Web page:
England 2009: Cyber Space Odyssey
Upon hearing the news I was quite calm. In fact I was quite nonchalant about the whole thing.
Had England done their usual trick of struggling and plodding their way through the group stages, leaving themselves reliant on earning a point from a trip to a little known eastern European state then the game would obviously be of greater importance and the news that England’s World Cup qualifier with Ukraine is only being streamed online would be harder to swallow.
The news has prompted many angry fans to label this decision as an outrage. Of course their vain complaints are a load of bollocks.
Why is this such an outrage? Does it mean that some fat and angry men will have to leave the comfort of their arm chair or bar stool to preach their views on the English national game?
Through the fog of grumbles of discontent, you can occasionally hear the echo of voices claiming that the game should be screened on a TV channel as a matter of national interest.
Fair point I suppose. Of course though it was scheduled to be shown on Setanta, before the Irish sports channel went bust, leaving the channels upcoming events up for grabs to the highest bidder, which included England’s game with Ukraine.
A lot of Setanta’s Premier League coverage was snapped up by American sports channel ESPN. Touchdown. The Ukraine game though failed to attract a bidder, possibly because of the lack of interest in the game now that England are through to the finals in such unprecedented fashion.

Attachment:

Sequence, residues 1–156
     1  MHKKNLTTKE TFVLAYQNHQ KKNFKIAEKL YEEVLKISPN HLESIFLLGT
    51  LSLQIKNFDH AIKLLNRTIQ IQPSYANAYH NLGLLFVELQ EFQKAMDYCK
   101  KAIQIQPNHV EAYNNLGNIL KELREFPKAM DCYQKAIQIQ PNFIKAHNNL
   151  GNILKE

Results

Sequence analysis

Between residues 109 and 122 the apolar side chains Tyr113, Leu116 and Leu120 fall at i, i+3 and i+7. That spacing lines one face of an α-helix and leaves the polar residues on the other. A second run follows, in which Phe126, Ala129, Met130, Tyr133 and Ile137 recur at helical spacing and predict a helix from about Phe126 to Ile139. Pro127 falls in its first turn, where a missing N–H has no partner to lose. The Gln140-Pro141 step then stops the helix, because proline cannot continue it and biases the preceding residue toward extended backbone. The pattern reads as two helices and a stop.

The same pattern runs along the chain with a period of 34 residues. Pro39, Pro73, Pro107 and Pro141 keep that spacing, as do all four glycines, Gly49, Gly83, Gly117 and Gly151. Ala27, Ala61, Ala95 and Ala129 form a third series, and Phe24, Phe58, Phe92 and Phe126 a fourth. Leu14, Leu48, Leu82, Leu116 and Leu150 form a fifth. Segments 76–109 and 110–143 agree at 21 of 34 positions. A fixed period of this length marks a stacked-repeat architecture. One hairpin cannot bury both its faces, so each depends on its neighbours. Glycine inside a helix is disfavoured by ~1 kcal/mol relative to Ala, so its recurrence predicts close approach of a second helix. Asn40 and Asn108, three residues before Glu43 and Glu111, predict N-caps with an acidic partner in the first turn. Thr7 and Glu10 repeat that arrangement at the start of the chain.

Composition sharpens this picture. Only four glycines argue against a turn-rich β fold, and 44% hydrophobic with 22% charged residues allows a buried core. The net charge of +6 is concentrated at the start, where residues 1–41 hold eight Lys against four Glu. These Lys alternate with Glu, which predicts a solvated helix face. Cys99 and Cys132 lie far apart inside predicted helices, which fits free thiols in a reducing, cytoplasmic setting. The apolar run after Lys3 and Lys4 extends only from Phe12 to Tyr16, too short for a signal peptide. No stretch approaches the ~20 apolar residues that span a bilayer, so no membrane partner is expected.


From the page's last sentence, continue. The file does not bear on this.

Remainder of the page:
In the end the game was sold to digital sport specialist Perform, who for a one off fee have agreed to show the game online.
With technology constantly evolving and changing the way that we view media, I feel that a game being shown live on the internet is an exciting prospect and will hopefully display the benefits of showing matches live on the internet, as an alternative to watching them on the old ogle box.
I’m not alone in my thoughts either. My closest ally on this, Rio Ferdinand, agrees with me, as he told BBC Sport “In the future it’ll probably be the reality. I think it’s a good way to gauge how many people are interested”.
My one concern regarding the whole game-being-streamed-on-the-internet-affair (need to think of a shorter name) is the price, as it’s not cheap for the privilege of watching just the one game.
As advertised in many national newspapers the price is £4.99 if viewers sign up before midnight on Wednesday, but the fee rises to £9.99 if you subscribe on Thursday and Friday, and £11.99 on match day. Ouch. You could have got a months viewing on Setanta for that.
There is clearly a long way to go, before live streaming online can be an affective opposition or alternative to TV, with price and reliability being my main concerns. If these are potential problems are smoothed out then I think it will be a new and exciting way to watch football. Just so long as the big games are on TV too.
If you don’t fancy shelling out twelve quid then you can watch the Under-21 game on Friday for free on the FA’s website. Bargain.Tags: England, World Cup
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